Child-porn trading figures

The gap between the several cases of internet child pornography being investigated to the point of search warrants each month and 81 prosecutions in five years doesn't mean that innocent people are being unjustifiably investigated, says Internal Affairs.

The gap between the several cases of internet child pornography being investigated to the point of search warrants each month and 81 prosecutions in five years doesn't mean that innocent people are being unjustifiably investigated, says Internal Affairs.

The two or three search warrants issued each month regarding the trading of child porn over the internet does mean there is some substance in the belief that such material is being swapped, says IA censorship compliance chief Steve O’Brien. While this contrasts with a report by Wellington's Dominion last month that about 30 internet child-porn traders a month were being “busted”, neither is the much lower figure of 81 successful prosecutions over almost five years a true picture of the prevalence of such trading, says IA.

The 30-a-month figure actually represents the number of “cases closed” over the whole censorship compliance arena, O'Brien says. Some of these relate to non-internet activities, some evident online culprits are let off with a warning and in some cases there is insufficient firm evidence to bring a prosecution. Yet other cases are referred to other agencies – “where we find it’s a 15-year-old boy who’s been using his parents’ computer, we might bring it to the attention of Police Youth Aid,” and where an overseas trader is identified, information would go to overseas law enforcement agencies.

In a very few cases, no offence is found as a result of executing a search warrant, and none of these to O’Brien’s recollection relate to internet trading. A case where a warning is considered sufficient might be, for example, where someone trades a lot of R18 material online and has inadvertently dealt in a small number of items they didn’t realise were legally objectionable.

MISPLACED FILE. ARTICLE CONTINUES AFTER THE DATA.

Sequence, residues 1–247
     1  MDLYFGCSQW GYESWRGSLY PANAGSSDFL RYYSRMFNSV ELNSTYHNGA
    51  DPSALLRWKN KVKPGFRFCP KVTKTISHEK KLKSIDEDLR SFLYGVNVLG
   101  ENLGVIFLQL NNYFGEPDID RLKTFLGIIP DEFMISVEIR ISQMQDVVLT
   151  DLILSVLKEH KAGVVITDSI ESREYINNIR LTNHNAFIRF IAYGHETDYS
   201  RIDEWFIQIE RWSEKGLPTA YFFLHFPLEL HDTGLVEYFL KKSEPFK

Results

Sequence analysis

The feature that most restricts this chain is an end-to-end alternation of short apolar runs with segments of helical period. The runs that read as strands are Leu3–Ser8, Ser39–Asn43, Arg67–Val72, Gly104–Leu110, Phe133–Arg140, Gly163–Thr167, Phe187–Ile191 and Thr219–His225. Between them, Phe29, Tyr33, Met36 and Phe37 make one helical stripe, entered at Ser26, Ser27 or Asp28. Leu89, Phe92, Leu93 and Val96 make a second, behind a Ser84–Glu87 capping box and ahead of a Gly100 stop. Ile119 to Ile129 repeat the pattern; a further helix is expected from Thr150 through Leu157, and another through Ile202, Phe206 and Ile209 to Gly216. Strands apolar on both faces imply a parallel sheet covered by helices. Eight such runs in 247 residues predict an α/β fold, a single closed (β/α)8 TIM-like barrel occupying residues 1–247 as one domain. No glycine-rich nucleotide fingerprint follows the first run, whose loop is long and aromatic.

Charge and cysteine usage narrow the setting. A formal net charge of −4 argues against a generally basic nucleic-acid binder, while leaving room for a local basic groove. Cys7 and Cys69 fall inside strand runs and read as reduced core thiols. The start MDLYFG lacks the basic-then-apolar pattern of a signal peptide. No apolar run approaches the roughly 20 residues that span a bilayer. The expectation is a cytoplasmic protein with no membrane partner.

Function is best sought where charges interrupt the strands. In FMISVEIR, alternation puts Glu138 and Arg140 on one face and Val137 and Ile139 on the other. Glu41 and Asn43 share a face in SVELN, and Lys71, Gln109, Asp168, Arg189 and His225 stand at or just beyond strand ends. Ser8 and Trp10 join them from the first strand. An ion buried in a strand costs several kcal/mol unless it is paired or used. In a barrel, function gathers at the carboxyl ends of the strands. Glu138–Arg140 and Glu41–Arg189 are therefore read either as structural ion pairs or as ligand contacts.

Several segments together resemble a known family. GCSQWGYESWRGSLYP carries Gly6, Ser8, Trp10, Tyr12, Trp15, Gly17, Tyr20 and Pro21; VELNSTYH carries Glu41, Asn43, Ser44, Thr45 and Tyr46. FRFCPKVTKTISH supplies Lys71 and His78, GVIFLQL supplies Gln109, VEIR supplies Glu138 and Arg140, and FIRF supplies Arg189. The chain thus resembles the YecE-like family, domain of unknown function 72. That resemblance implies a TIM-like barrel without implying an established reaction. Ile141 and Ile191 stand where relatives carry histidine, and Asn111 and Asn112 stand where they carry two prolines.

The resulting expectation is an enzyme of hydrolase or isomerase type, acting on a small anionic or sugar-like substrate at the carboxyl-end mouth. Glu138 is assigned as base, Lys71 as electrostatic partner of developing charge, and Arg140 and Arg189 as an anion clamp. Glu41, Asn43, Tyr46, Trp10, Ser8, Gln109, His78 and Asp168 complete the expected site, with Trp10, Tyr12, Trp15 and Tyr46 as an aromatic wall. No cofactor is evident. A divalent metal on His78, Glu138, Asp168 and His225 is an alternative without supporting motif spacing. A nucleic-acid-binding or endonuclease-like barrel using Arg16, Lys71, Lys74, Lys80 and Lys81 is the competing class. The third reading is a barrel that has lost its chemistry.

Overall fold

“Insufficient evidence” covers cases where a New Zealand resident is detected in an Internet Relay Chat (IRC) channel, with a name indicating its business is clearly the trading of child porn, “but he doesn’t send us any when we request it”.

If evidence is obtained, the procedure then is usually to issue a search warrant on the suspect’s ISP, to establish who was connected to the dynamically assigned IP address involved at the time. Only on about one occasion has this resulted in the wrong person being fingered because of a slight time error, O’Brien says. “They’re usually on the channel for a long time, so a discrepancy of a few minutes [such as might arise from a mis-setting of clocks] doesn’t matter.”

To date, when a prosecution has been brought in relation to internet material, it has invariably resulted in a conviction, O’Brien says. In the vast majority of cases this has been for child pornography; one recent case was solely for material involving bestiality. In the latter case there was an unsubstantiated suspicion that child porn was also involved.

O’Brien also explains a wide difference between the number of successful prosecutions and the number of search warrants issued. Figures provided to Computerworld last month - and in 1998 to this reporter when working for another publication - show an average of just over 100 search warrants issued per year since 1996.

A warrant would be issued to search the records of the ISP; another may be issued on a telco’s records to verify the time of a dial-up connection and yet another on the premises of the suspect, says O’Brien. Also several warrants may be issued in pursuit of different inquiries which prove to involve the same individual.

“We’re not Big Brother. We’re not trying to come down heavily on anyone trading porn, but there is material out there which involves the sexual exploitation of children, and that’s where we want to put our energy.”

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